For Cassie Donald who is an anthropology major at UMF, Hostile Terrain 94 added a more personal narrative about the people affected by this border patrol policy. Aguilar’s class read from De León’s ethnography “The Land of Open Graves: Living and Dying on the Migrant Trail,” which includes firsthand accounts of those who survived crossing the Sonoran Desert. These accounts helped Donald imagine what people went through as she filled out the toe tags.

Hannah Binder stands in front of the Hostile Terrain 94 exhibit at 150 Main St. in Waterville. University of Maine at Farmington students contributed to the visual anthropology project by filling out 1,370 of the 3,200 toe tags that are on display. Ciera Miller photo

“Sitting down and filling out the toe tags, writing the names and getting to know the exact details, it was very emotional and it allowed for that sense of connection and understanding that I didn’t get in reading articles,” Donald said.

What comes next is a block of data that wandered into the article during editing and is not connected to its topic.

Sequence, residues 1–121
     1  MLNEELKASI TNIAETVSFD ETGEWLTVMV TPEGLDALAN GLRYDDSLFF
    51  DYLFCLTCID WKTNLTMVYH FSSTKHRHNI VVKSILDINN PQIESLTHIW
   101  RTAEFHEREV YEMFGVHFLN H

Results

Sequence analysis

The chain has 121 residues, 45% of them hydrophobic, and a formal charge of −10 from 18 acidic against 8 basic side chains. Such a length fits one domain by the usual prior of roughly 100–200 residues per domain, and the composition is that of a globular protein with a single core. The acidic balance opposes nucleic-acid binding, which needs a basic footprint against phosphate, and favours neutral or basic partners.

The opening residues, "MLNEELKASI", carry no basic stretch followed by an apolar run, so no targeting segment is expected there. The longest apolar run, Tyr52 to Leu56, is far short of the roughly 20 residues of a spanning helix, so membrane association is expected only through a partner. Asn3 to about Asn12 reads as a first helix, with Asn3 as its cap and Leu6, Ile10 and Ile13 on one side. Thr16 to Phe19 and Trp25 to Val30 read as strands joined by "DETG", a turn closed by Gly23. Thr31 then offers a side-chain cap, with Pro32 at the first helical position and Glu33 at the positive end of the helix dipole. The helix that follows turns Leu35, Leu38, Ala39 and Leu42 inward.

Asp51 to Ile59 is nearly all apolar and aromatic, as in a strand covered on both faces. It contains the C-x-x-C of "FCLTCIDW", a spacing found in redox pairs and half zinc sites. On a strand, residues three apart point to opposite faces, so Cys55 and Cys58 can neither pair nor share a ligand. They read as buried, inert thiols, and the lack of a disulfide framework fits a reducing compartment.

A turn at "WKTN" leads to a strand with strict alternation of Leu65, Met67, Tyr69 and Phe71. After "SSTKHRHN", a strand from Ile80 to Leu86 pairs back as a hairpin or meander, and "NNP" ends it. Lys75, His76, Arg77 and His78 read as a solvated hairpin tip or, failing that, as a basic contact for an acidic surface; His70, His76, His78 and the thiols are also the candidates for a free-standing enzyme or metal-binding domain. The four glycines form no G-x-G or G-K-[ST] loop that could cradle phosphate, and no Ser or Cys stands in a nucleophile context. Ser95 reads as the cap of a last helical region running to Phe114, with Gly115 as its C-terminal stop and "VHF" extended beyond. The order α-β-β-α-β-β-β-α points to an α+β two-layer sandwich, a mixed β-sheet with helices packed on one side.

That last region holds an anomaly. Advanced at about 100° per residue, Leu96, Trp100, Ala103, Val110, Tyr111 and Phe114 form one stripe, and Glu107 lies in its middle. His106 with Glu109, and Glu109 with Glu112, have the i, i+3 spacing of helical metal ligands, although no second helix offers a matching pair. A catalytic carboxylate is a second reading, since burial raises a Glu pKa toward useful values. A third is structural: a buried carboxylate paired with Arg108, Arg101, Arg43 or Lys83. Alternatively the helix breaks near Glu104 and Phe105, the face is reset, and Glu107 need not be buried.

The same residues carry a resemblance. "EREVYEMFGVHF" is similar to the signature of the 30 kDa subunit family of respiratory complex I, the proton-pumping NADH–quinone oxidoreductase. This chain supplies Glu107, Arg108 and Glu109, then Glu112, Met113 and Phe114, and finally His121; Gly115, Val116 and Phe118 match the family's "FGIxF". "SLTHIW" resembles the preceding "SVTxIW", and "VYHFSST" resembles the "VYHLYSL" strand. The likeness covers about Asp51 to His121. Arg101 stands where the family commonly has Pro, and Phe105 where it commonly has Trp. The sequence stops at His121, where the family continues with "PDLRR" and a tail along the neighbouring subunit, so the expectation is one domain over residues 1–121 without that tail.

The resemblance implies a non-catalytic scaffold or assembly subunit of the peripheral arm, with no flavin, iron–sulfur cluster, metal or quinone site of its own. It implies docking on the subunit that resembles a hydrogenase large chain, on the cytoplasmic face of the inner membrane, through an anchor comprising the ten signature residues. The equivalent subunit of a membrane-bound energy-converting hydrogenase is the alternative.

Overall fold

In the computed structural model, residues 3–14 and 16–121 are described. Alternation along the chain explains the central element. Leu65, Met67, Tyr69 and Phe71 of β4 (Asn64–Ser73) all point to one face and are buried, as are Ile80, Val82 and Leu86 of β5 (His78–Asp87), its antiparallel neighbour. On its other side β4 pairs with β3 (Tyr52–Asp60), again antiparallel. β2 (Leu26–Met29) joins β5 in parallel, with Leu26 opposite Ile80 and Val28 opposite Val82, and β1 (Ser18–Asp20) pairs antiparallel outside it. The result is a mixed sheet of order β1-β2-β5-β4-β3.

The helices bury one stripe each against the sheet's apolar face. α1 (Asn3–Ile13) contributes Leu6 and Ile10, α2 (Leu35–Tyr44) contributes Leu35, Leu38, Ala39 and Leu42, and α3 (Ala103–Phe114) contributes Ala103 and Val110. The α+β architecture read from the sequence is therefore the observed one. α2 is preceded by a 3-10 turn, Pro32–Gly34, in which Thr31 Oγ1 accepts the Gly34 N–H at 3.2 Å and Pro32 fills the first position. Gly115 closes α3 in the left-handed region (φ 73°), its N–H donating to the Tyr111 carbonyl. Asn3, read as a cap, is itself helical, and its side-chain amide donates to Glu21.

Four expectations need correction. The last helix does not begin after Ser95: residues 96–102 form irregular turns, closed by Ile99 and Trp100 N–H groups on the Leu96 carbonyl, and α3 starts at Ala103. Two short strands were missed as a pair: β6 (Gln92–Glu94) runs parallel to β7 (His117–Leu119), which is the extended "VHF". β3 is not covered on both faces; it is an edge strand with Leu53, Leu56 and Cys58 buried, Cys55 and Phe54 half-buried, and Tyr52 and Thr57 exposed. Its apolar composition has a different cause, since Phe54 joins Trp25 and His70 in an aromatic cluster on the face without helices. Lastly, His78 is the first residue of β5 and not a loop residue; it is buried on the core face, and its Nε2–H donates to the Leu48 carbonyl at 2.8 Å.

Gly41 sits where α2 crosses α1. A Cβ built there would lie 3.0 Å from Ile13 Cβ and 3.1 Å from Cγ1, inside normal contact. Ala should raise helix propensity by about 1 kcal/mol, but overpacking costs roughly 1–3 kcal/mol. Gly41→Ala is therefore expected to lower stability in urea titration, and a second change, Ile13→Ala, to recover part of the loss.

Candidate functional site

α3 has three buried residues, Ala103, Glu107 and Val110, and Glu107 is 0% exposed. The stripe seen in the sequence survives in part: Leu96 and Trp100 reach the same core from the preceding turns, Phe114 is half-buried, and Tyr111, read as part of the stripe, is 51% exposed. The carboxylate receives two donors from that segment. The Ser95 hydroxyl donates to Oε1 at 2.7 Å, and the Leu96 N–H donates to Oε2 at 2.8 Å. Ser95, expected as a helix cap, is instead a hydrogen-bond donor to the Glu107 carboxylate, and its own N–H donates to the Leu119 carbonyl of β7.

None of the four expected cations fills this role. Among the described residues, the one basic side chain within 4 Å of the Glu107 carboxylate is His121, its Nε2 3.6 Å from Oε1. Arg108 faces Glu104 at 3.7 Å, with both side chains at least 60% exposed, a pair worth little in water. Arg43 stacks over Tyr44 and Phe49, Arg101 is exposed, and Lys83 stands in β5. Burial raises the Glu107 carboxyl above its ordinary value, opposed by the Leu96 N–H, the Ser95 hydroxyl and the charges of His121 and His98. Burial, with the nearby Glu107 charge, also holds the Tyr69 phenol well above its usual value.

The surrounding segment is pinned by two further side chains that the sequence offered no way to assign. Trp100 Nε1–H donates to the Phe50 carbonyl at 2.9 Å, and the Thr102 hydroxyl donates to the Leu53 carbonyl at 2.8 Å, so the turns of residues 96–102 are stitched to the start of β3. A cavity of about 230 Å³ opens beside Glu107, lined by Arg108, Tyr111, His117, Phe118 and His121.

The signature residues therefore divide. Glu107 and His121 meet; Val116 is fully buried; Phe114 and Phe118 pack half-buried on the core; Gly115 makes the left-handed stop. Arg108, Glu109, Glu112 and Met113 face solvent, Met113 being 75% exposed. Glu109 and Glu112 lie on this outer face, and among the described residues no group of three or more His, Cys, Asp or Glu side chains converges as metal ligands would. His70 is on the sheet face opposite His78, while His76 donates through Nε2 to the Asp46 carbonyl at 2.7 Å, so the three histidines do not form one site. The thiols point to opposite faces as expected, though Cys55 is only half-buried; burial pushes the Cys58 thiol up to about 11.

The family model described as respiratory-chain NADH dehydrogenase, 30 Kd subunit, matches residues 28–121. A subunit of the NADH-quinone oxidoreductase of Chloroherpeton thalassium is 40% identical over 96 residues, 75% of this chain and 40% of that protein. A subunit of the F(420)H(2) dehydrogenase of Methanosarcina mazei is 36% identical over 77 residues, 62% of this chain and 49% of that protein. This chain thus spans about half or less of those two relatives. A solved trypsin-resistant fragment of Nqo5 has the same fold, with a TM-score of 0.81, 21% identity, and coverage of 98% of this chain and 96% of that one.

Both Donald and Miller expressed that Hostile Terrain 94 will have lasting impressions on them as they continue with their studies.

Donald wants to continue on to a graduate program that focuses on migrant health and the complexities and issues of border crossings.

Miller wants to incorporate her second major, creative writing with her interest in borders by working for organizations that tell the stories of migrant experiences.

Hostile Terrain 94 is hosted by the Oak Institute for Human Rights at Colby College and is exhibited at 150 Main St. in downtown Waterville. COVID-19 restrictions may prevent indoor viewing, but the exhibit is visible from outside.